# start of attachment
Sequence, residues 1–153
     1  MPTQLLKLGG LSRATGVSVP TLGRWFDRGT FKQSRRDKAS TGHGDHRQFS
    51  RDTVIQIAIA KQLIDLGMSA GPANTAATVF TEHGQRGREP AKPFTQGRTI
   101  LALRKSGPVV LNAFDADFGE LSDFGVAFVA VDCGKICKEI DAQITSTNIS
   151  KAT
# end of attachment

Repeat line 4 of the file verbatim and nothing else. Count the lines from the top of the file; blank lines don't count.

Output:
   101  LALRKSGPVV LNAFDADFGE LSDFGVAFVA VDCGKICKEI DAQITSTNIS